Ten years ago today, Jason and I were married in front of our friends, our church, God, and society.
Today, ten years later, we are sneaking out to see the new addition to the Nelson-Atkins museum and having a bit of dinner at one of our favorite restaurants while Baby Girl is entertained and adored by her family.
On this day, it is appropriate to remember some things:
I remember walking into the church that morning to get ready to see one of the congregants with a mop and a bucket of water; she had gotten up that morning to make sure the church was super-clean for our wedding day.
I remember, after a tumultuous rehearsal dinner and final preparation of the sanctuary, having Rev. Keith Harris walk into church, stop in to see how I was, ask me how I was, and when I replied just as relaxed as if I had had a valium (which I hadn't), Keith said, "you're ok? You're ok!? Ok, you're ok."
I remember Jason calling me the morning of the wedding, after I was at church, and asking me to go see if his coat was in the narthex; I later found out this was because my wedding band was in the pocket.
I remember the woman who came in to do our flowers (a very modest proposition); she had also picked up flowers from the City Market that morning and, once our cake arrived, preceded to decorate the buttercream frosting with white chocolate shavings with fresh flowers in my wedding color of burgundy.
I remember all of us joking that Dennis would play "Son of a Preacher Man" while I walked down the aisle; then I discovered that he had played it, during the prelude music, along with a real schmaltzed up version of "The Old Grey Mare". I also remember that he played "Greensleeves" for me, because that was what I wanted to walk in with (thank you, Dennis); and I also remember the husband of my Matron of Honor being really confused that we had played "What Child Is This" as my entry music.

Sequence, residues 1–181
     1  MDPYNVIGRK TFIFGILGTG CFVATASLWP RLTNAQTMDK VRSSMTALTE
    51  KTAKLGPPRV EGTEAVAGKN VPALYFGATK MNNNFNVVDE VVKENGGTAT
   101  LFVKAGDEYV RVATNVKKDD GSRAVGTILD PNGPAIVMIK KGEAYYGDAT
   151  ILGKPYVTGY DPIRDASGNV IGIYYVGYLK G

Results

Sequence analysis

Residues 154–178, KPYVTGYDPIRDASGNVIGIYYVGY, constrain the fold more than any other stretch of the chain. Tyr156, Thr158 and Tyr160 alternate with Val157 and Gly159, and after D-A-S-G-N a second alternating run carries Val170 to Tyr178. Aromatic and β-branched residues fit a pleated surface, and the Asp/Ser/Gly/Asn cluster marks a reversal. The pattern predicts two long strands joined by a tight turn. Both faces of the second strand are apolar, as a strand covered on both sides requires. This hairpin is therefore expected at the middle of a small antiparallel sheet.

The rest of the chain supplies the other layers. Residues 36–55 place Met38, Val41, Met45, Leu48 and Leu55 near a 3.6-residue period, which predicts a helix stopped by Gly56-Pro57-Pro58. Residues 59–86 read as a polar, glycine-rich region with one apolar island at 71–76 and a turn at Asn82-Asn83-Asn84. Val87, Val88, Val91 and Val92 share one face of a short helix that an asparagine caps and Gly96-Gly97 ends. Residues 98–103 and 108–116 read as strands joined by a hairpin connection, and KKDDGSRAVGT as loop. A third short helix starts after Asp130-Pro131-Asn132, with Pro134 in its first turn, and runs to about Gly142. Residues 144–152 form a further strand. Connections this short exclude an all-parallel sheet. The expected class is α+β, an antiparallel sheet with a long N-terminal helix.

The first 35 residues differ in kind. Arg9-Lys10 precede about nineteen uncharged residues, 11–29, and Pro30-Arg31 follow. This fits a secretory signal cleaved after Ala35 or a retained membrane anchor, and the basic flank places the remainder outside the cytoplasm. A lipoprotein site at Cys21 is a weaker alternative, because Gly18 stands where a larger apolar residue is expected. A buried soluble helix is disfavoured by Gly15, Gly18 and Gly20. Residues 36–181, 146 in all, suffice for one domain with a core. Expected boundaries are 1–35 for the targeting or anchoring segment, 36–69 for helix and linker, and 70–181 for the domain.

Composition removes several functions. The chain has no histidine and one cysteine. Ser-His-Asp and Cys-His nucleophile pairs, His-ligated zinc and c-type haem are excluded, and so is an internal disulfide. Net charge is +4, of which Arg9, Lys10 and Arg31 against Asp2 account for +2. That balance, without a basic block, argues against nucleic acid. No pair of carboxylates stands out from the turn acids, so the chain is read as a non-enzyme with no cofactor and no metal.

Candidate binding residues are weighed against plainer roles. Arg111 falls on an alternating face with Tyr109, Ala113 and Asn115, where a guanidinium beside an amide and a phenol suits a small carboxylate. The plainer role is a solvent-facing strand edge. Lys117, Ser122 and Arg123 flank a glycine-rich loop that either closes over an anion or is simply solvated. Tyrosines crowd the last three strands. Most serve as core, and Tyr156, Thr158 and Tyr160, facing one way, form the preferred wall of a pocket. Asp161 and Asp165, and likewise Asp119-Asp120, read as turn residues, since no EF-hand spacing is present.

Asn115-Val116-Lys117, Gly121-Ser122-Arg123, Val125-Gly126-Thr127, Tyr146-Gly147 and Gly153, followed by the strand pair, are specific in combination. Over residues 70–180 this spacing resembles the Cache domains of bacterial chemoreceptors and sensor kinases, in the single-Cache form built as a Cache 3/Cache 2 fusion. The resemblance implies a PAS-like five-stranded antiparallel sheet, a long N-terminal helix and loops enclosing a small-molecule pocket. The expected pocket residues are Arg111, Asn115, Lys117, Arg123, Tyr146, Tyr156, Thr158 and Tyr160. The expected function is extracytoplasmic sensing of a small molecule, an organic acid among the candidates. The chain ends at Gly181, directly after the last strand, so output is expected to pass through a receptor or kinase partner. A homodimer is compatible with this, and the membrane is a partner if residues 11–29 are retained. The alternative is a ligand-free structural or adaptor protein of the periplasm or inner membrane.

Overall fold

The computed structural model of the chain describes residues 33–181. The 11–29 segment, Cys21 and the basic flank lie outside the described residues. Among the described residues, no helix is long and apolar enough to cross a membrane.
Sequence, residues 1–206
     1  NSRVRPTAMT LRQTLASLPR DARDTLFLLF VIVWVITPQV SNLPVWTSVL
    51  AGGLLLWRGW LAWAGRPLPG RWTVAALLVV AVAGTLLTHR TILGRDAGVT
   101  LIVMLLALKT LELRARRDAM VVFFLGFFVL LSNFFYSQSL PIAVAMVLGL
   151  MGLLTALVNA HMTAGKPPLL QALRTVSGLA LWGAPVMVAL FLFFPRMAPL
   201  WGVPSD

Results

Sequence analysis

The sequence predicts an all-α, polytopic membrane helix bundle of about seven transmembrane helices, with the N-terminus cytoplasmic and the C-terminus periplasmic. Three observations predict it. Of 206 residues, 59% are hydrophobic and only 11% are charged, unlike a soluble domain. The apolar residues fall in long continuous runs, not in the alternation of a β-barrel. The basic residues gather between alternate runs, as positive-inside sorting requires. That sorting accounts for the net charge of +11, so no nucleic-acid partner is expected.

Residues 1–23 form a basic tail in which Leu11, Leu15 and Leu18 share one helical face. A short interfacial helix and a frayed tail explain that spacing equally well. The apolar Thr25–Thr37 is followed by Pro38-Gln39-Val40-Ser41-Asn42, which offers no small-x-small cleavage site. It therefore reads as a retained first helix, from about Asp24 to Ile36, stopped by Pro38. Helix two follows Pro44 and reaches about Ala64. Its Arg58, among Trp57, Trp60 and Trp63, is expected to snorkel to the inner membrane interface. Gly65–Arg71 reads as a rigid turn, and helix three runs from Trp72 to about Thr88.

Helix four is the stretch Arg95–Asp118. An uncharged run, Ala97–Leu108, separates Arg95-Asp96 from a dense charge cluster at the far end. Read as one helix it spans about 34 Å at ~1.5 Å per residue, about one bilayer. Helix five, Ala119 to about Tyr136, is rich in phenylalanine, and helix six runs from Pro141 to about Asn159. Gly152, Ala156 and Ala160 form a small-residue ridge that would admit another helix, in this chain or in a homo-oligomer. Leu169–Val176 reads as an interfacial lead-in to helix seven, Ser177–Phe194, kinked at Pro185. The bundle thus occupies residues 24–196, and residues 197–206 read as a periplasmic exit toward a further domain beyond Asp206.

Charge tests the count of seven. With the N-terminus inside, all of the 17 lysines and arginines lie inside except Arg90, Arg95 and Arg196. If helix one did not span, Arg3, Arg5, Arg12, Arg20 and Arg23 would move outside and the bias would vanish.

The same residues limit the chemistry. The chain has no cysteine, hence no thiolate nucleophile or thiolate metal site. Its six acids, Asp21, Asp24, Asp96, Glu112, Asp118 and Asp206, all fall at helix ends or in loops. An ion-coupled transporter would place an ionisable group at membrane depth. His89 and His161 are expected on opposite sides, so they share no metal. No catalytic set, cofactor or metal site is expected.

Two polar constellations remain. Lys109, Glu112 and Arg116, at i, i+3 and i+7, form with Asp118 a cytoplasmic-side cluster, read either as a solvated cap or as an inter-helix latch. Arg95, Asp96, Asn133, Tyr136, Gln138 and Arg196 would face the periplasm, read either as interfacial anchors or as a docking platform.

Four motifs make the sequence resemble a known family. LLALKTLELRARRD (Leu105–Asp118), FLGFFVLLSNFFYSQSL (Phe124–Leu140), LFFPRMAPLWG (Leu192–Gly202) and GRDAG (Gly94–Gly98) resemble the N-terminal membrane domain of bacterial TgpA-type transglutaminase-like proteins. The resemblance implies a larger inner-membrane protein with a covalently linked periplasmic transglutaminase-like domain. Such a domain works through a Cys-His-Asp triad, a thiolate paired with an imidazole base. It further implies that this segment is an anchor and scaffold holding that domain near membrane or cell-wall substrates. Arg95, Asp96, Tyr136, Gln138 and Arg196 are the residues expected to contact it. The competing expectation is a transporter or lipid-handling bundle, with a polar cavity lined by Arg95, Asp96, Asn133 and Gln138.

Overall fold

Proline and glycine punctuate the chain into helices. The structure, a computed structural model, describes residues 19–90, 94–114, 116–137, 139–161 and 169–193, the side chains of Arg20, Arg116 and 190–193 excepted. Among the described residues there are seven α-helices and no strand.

I remember hoping Tom's hair wouldn't be purple; and then not caring.
I remember the delight of recognition as the congregation figured out what we were recessing out to; I also remember how hard all of Jason's friends worked to getting it to play on the church's sound system.
I remember watching my bridesmaids walk into the sanctuary and having the realization that my train needed to be fluffed; I remember my Dad coming to the rescue and very diligently following my directions in the nanosecond that we had while the doors were closed.
I remember the Groom's cakes: a spice cake Bart Simpson and a chocolate Darth Vader.
I remember my sister-in-law, perched behind me with billows of satin over her head, diligently trying to find the hooks to bustle my train.
I remember my father-in-law, greeting me in the narthex, before the congregation came out, hugging me and saying, "welcome to the family."
I remember marrying my best friend. I love you, Jason; it is a good life.